We’re on the Road to Nowhere. ..

Talking Heads’ lyrics spring to mind as I gaze at the crumbling facade of the railway station in Dakar.

    No where it seems is as true as here. When I first ventured to West Africa in 2005, I had some romantic notion of travelling by train…some hopes as virtually all rail lines in West Africa are long defunct.  Even the line from Dakar to Bamako in Mali ceased to operate in 2009 following  the terrorist  attacks. 

    The news that a new railway line was to be built from Dakar’s new airport (some 60km away), seemed to be welcome news. However, the reality on the ground seems far removed…

    The pictures of a TGV style train (actually the TER  – Train Express Regional)  are encouraging. Sleek with all mod cons i.e. WiFi and aircon, this would bring a welcome relief for passengers who currently have to endure the basic facilities at Yoff.

    Whether the Senagalise will be able to match the sucess of their cousins in Morrocco and Tunisia in building an efficient rail network remains to be seen, I certainly hope so. 

    However, whilst I hate to be a detractor of African ambitions, it does seem that major infrastructure projects are fated to be late and fail to deliver their promises. 

    Point in case, is the Grand Theatre National and the newer Musee des  Civilisations Noires,  both built by the Shanghai Construction Company…the latter still incomplete. 

    How the railway will fare remains to be seen; the latest estimate for the opening of the airport being 2019.

    I look forward to travelling on this in the future. 

    Refrain…”We’re on the Road to Nowhere, come on inside. Taking that ride to nowhere,  we’ll take that ride”

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    Isle N’Gor…Time to Chill

    The waves from the Atlantic sweep around each side of the island, leaving a small beach on the sheltered leeward side for swimming and sun bathing. Lining the beach is an array of small bars/cafes offering a range of brochettes and sandwiches.

    Travelling on from the Monument de la Renaissance Africaine, a short pirougue trip (500cfa, or 80 cents return) and I’m on the Isle N’Gor.

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    An escape from the city, the island offers a chance to chill out, enjoy a beer or two and chat to the locals (or foreign nationals – predominately NGO workers).

    The waves from the Atlantic sweep around each side of the island, leaving a small beach on the sheltered leeward side for swimming and sun bathing. Lining the beach is an array of small bars/cafes offering a range of brochettes and sandwiches.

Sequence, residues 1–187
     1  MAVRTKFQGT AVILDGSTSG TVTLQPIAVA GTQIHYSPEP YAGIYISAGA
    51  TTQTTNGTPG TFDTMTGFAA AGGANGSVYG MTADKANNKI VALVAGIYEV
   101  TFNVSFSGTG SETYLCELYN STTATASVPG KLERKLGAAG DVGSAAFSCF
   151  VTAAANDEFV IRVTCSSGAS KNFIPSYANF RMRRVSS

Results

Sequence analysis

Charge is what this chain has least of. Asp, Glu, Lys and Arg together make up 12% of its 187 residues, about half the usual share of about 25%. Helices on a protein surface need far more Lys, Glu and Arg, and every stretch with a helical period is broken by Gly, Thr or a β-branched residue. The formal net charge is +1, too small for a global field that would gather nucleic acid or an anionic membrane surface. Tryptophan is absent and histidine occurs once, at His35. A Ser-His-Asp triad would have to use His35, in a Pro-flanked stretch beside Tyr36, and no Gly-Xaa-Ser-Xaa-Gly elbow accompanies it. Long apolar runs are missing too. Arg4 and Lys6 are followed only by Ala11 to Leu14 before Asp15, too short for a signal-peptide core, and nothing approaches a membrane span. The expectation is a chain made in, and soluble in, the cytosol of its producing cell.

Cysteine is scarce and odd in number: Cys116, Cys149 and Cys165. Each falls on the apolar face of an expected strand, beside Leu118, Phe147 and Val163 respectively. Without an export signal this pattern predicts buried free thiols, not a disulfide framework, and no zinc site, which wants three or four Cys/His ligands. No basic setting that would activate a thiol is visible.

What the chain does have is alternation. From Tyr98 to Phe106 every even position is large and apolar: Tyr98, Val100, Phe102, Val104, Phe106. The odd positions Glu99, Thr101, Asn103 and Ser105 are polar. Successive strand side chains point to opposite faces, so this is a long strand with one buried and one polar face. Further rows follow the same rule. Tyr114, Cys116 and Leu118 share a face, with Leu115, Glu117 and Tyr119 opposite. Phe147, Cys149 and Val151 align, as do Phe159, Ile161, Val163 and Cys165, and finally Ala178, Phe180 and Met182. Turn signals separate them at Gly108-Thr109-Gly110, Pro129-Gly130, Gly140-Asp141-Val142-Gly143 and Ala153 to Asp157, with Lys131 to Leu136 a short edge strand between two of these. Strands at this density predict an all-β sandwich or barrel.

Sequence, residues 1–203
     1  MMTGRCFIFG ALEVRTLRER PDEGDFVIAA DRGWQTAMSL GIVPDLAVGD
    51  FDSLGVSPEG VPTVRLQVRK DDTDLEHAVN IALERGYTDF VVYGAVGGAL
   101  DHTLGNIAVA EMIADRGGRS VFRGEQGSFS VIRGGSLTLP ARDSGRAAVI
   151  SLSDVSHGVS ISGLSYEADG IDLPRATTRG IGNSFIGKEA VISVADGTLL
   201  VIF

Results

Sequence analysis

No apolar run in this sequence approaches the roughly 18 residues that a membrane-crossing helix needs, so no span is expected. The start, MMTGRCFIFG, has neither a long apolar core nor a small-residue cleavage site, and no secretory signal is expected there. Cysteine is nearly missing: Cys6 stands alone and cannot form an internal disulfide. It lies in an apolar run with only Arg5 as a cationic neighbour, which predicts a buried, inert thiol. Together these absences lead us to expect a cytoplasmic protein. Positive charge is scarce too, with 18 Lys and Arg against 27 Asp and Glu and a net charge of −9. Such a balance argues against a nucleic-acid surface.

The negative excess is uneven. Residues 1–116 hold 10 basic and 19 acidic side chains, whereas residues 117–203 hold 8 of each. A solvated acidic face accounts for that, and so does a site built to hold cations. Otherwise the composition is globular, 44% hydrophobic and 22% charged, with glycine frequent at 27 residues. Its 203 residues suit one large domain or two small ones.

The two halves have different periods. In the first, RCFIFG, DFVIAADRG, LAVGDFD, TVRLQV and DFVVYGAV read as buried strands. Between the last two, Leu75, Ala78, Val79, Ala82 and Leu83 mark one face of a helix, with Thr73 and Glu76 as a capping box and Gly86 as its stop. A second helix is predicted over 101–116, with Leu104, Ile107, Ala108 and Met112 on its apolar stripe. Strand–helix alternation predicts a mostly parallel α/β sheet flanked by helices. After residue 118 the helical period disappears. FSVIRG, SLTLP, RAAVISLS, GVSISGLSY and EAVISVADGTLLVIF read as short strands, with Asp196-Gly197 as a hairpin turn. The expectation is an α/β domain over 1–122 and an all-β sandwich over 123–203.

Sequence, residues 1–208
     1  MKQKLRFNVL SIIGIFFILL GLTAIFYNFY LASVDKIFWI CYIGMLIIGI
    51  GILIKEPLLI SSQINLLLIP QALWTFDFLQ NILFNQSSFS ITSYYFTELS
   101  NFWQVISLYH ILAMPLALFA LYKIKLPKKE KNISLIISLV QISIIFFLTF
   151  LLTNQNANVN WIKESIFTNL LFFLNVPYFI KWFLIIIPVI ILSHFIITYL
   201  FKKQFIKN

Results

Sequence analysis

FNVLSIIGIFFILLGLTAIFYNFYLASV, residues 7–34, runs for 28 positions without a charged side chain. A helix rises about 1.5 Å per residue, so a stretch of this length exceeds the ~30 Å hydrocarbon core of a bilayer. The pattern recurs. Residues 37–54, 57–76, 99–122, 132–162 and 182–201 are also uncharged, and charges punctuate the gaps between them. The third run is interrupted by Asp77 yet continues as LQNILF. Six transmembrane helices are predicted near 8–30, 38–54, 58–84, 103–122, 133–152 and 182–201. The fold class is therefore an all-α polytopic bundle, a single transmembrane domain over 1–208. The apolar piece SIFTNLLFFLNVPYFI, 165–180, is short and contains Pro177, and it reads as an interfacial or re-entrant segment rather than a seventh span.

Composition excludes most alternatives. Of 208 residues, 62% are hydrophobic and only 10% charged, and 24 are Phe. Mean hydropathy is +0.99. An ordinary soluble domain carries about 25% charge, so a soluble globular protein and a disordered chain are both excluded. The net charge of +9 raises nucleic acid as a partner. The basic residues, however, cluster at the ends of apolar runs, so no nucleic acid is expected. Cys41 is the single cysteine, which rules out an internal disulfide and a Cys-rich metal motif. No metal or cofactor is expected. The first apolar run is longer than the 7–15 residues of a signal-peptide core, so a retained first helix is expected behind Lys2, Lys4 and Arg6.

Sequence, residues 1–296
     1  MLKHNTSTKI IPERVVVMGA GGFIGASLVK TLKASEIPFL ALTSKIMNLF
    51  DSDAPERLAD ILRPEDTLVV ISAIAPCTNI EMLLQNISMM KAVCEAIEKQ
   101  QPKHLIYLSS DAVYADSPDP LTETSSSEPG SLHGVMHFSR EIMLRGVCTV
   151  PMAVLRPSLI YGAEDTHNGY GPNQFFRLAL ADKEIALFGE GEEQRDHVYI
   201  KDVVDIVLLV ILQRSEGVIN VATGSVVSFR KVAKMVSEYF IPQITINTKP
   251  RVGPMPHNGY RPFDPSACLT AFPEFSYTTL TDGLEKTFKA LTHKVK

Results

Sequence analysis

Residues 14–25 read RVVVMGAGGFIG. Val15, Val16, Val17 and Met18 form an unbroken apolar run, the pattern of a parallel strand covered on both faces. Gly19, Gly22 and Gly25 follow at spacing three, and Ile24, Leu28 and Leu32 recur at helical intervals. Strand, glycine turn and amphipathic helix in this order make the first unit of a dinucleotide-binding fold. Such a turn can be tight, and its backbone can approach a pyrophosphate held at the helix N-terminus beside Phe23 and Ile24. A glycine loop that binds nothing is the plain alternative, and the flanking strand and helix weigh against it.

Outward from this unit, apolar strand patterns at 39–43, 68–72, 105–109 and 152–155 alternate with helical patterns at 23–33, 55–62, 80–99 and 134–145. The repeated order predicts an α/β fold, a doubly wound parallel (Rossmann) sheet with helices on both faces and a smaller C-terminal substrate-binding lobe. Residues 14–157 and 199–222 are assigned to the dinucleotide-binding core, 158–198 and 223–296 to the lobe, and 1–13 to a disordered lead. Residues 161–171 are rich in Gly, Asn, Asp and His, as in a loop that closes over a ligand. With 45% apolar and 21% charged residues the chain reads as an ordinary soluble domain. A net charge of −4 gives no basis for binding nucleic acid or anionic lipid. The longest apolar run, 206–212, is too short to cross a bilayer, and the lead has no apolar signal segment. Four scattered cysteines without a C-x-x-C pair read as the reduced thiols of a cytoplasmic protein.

After a frenetic 4 months leading up to the trip, it’s a nice change of pace, time to recharge the batteries and relax into Africa.

    P.S. Being Africa, if you need something, you only have to ask. Need to change currency, someone will take you to the local money changer – here in Senegal, they are part of the West African monetary union and use CFAs, which are pegged to the Euro at an official rate of 650cfa to €1, so it’s easy to ensure that you don’t get short changed.

    Likewise, need to charge your mobile, someone will oblige – try that in the UK!

    Dakar…a return visit

    Visiting a foreign city can be a daunting task for the first time, especially when faced with language difficulties (my French being limited to restaurants and bars), a totally different outlook on life and a mentality that Europeans find hard to comprehend.

    First full day in Dakar. Writing a blog can be difficult even when you have Wifi, but when you’ve limited connection, a fone that won’t hold its charge, it makes the task even more fun (Wifi now sorted courtesy of my landlady Mary-Anne).

    Visiting a foreign city can be a daunting task for the first time, especially when faced with language difficulties (my French being limited to restaurants and bars), a totally different outlook on life and a mentality that Europeans find hard to comprehend.

    Three years on from my first visit, and I’m looking forward to these challenges – rather than feeling outside my comfort zone, I’m embracing them, enjoying meeting new people, hearing their stories and sharing a moment of their life. A smile works wonders and is a simple way of opening doors.

    On my previous visit, I’d missed the chance to see the Monument.

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    The Monument de La Renaissance Africaine, despite the approbium poured on it for the cost, some €20m, is a tribute to the people’s of Africa. It’s a colossal piece of architecture standing at 52m, & topping the Statue of Liberty by some 10m!